Project tutorial # Fourier Box

Using a blue laser and phosphorescent paper to illustrate what it means to sketch a sine wave around a circle.

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## Necessary tools and machines Laser cutter (generic)

## Apps and online services

### The Background:

Have you ever wondered about how sound editing software can cut or boost the base in a recording? Or how sound-canceling headphones work? Or how civil engineers can design buildings and avoid the resonant frequencies of earthquakes? Well, the answer to all of those questions originates with one man: Joseph Fourier. Fourier figured out how to mathematically brake a complex wave down into its component sine waves, allowing each to be edited or observed individually. The general idea (without getting into the calculus behind it) is that you take the wave and wrap it around a circle so that it draws a type of flower. You then gradually increase the frequency at which you wind the wave around that circle, watching the shapes that the graph draws change. You do this until you find a frequency that draws something that looks like a heart shape. When you find that, it means that the frequency at which you are winding the wave around the circle is the same as the frequency of one of the component sine waves in the parent wave you are analyzing. I decided to make a physical representation of that process of finding the component sine waves.

### The Project:

The idea that we (Henry Haggart and I) came up with is to have a rotating circle of phosphorescent paper which you can control the speed of under a linear actuator with a blue laser attached to it. The idea is that the linear actuator with the laser would trace a sine wave as you altered the speed at which the circle turned to try and find where they matched and you started to draw hearts instead of flowers. This could be easily achieved by driving two separate stepper motors and using the input from a rotary encoder to change the speed at which the base circle rotates. The rest of the physical design was relatively rudimentary, as we only needed a way to suspend the laser above the base circle on a custom fabricated linear actuator which we laser cut from acrylic.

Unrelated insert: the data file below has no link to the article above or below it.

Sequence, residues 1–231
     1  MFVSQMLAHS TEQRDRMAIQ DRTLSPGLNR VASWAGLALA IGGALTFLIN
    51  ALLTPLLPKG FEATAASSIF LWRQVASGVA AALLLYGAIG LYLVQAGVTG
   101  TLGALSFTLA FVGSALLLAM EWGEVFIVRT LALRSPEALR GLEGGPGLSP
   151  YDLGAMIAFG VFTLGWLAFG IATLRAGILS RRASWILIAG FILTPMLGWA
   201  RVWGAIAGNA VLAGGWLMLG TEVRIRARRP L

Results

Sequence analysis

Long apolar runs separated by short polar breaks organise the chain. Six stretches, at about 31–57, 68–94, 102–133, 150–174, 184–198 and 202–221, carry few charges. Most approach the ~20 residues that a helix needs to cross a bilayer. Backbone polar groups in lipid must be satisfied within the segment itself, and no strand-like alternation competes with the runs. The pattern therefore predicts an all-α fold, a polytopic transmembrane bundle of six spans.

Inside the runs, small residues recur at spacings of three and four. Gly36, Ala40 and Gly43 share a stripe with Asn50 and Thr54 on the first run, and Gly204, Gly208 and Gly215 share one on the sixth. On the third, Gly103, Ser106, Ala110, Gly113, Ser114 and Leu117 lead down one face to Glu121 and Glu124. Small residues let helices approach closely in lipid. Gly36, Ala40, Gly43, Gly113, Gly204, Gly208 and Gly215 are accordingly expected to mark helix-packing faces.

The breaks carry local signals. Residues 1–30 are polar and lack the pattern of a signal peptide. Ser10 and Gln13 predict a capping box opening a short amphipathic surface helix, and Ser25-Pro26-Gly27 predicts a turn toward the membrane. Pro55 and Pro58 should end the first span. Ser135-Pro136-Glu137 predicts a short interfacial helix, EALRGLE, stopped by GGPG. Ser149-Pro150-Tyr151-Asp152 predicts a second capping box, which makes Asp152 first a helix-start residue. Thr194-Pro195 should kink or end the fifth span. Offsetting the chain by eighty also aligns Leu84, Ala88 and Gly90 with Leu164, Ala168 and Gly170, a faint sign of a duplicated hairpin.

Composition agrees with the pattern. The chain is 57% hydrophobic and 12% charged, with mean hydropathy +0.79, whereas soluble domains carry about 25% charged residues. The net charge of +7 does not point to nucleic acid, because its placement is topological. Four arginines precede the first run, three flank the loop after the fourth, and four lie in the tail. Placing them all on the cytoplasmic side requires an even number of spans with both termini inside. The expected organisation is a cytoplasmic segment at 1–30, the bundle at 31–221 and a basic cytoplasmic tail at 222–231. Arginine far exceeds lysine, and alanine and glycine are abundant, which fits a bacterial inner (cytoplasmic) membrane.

### Explaining the Code:

Programming this device, while it wasn’t excessively hard, did present some unexpected challenges for me. Firstly, I had never worked with Arduino and steppers, and so did not think about the mechanics of the setSpeed function. What the speed does is just add a different delay between steps in the program. This was a problem for us, as every time the delay changed in the sine wave generator code, it would also change the speed of the base circle. As it was getting dangerously close to exhibition time, the quick fix was to simply run the two motors off of two different boards. This was a way to make the code much more readable and (more importantly) debuggable. Later on, however, I learned about a way to run the two codes together on the same Arduino without having the delay in the sine function effect the delay in the base circle.

Here is the code snippet that allowed us to do that:

``````if ((millis() - previousMillis) >= value){
motor2.step(1, FORWARD, DOUBLE);
previousMillis = millis();
}
``````